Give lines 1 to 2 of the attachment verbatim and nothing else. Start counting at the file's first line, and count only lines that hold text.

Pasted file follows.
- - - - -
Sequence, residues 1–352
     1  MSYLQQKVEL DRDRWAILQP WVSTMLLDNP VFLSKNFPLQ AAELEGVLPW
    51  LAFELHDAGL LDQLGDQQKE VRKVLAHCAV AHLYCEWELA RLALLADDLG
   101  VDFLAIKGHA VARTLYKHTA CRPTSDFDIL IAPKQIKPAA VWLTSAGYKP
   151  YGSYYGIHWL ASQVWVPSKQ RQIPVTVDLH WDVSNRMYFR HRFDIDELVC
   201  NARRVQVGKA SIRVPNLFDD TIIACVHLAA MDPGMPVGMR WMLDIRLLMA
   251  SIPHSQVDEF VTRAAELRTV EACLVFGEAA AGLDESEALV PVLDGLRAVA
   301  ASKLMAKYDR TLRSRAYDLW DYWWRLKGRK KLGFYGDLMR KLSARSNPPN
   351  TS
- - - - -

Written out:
Sequence, residues 1–352
     1  MSYLQQKVEL DRDRWAILQP WVSTMLLDNP VFLSKNFPLQ AAELEGVLPW